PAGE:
Mike’s Friday Rumblings – 08-12-22
This is an audio version of Mike Murphy‘s Friday rumblings. This is a regular post on Facebook that I’ve turned into a podcast. I decided Mike’s words needed a wider audience. You may agree or disagree with what he says, but there is certainly much food for thought contained here. You can friend Mike on Facebook for the printed version or read it below.
Rumble 1. “When setting out on a journey do not seek advice from those who have never left home.” ~ Rumi
We do it all the time. We seek the advice of those who aren’t in the know. I can never get rid of the image of a pillow manufacturer advising the White House on COVID strategies while real scientists were given the cold shoulder. Things like that happened a lot back then. Let’s not make the mistake of allowing it to happen again.
2. When Rainn Wilson (Dwight from The Office) speaks I listen. 😀
“The metamorphosis of Jesus Christ from a humble servant of the abject poor to a symbol that stands for gun rights, prosperity theology, anti-science, limited government (that neglects the destitute) and fierce nationalism is truly the strangest transformation in human history.”
Why is it so strange? Because one only needs to read the gospels to see the real Jesus. And the real Jesus is not a gun rights, anti-science, nationalist kind of guy. We have this ugly habit of creating Jesus in our own image and likeness. Bad idea.
3. “You are already under oath to tell the truth,” Judge Maya Guerra Gamble said to Alex Jones. “You’ve already violated that oath twice today. … Just because you claim to think something is true does not make it true. It does not protect you. It is not allowed. You’re under oath. That means things must actually be true when you say them…”
“What Jones did was unspeakably vile: He claimed repeatedly — and falsely, with absolutely no factual basis, since none exists — that the 2012 Sandy Hook killings never happened at all, that they were some kind of “false flag” operation that was “a giant hoax,” and that the 20 dead children ripped to pieces by rounds from an assault rifle were nothing but “crisis actors.” ~ Eugene Robinson, WAPO
A lawyer for the plaintiffs was spot on when he said that “When Jones breathes he lies.” Jones and others like him, have had free reign to ply their sinister, conscience free and cowardly trade with little or no consequence.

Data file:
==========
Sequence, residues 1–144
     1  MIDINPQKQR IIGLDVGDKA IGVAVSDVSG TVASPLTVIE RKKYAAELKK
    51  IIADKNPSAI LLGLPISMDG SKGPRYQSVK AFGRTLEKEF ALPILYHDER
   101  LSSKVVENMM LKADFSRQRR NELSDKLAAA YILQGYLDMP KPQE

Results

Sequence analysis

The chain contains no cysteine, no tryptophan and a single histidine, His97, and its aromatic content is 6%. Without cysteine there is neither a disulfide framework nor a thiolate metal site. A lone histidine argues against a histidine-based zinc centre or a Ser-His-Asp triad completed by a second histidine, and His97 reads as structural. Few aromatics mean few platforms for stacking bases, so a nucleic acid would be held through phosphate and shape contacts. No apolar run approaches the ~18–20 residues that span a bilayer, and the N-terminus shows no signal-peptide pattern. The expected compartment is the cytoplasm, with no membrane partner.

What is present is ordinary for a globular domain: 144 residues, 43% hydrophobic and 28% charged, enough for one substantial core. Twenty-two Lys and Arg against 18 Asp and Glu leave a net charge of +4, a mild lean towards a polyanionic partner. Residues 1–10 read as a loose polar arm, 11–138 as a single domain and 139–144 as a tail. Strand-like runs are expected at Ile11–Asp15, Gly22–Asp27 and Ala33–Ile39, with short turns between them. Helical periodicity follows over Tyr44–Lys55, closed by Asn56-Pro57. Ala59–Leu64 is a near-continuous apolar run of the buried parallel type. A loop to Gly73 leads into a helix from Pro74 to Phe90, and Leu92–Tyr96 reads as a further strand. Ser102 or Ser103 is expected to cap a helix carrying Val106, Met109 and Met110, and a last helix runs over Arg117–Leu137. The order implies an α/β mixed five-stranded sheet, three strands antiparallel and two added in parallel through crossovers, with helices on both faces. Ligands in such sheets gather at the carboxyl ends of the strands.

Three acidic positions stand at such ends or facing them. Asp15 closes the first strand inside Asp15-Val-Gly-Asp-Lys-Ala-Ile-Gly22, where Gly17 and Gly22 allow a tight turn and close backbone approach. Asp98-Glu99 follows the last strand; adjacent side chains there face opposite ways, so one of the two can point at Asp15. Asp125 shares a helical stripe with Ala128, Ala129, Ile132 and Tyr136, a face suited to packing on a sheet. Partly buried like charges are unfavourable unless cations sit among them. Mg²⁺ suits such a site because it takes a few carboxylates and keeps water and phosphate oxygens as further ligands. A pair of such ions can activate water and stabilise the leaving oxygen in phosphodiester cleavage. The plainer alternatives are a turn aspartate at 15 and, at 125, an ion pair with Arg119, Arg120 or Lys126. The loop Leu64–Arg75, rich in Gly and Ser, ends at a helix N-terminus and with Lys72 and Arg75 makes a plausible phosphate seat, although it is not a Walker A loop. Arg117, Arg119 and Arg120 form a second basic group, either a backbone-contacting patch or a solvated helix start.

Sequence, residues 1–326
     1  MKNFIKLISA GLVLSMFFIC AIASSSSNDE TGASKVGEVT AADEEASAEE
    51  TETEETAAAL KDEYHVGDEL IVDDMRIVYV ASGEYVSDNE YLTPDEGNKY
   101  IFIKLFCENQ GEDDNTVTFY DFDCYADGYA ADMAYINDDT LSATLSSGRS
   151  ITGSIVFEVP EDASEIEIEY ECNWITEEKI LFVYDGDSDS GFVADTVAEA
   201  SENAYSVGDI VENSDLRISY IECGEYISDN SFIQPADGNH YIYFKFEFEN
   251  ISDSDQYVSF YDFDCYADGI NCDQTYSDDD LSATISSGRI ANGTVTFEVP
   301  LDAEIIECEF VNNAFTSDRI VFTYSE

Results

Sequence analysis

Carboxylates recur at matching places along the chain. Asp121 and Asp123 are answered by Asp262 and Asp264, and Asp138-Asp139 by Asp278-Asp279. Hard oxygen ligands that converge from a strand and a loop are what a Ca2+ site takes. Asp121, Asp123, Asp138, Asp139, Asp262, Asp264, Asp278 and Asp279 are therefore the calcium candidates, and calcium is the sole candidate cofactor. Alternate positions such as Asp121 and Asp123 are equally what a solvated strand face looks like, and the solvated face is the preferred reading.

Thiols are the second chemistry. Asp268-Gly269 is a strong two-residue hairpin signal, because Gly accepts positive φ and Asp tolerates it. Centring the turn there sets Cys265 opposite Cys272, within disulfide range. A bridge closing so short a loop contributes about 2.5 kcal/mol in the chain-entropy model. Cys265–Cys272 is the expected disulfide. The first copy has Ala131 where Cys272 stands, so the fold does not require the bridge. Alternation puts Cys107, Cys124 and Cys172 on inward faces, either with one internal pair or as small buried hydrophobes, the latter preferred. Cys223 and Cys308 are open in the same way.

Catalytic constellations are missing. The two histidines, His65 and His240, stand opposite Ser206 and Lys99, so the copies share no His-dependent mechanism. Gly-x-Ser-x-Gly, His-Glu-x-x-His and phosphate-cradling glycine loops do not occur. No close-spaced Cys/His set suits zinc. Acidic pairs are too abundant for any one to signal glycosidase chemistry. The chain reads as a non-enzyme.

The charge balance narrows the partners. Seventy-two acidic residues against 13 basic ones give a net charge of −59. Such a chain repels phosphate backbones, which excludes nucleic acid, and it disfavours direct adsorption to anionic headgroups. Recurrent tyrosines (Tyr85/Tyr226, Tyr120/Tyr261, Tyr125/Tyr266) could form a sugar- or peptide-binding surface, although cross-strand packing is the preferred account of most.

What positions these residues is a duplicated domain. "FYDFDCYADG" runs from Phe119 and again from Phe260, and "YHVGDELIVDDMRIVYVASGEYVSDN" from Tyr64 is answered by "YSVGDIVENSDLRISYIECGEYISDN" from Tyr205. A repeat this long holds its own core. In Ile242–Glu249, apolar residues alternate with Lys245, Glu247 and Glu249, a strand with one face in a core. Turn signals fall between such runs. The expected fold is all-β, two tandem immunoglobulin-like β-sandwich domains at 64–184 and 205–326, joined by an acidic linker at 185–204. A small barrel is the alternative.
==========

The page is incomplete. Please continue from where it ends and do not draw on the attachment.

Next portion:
Will this be Jones’s ‘come to Jesus’ moment. Who knows, huh? Miracles happen. My hunch, however, is that he’s burrowed so deep into the dark side of some version of hell that he wouldn’t recognize a miracle if he saw one.
But for now his wallet is thinner. He has to face three more trials. He will not be remembered as a good man. His willful, evil, intent and the damage he inflicted is part of the public record and seared into the consciousness of the Sandy Hook parents.
Unfortunately, he will most likely find ways to do even further damage and he will find his audience again. That’s what guys like that do. They know how gullible and malleable much of America has become.
4. Ron Sider died. He was, among other things, the author of “Rich Christians in an Age of Hunger.” That book greatly influenced my life and for that matter, a generation of Christians. He was an evangelical scholar, professor, writer, speaker and activist. Christianity Today described Sider as “the burr in ‘the ethical saddle’ of the white evangelical horse.”
I pulled one of the books he edited off my bookshelf this week. It’s entitled, “The Spiritual Danger of Donald Trump.” Thirty sharp and insightful men and women, all evangelicals, contributed essays speaking to that spiritual danger. Kind of busts the stereotype a bit, huh?
Sider was always talking about tough subjects and inviting conversations about them. He frustrated many but he wasn’t afraid to be one of those voices crying in the wilderness. Well done, good and faithful servant.
5. “The most dangerous man in the world is the contemplative who is guided by nobody. He trusts his own visions. He obeys the attractions of an interior voice but will not listen to others. He identifies the will of God with anything that makes him feel, within his own heart, a big, warm, sweet interior glow. The sweeter and the warmer the feeling is, the more he is convinced of his own infallibility.” — Thomas Merton, Trappist monk.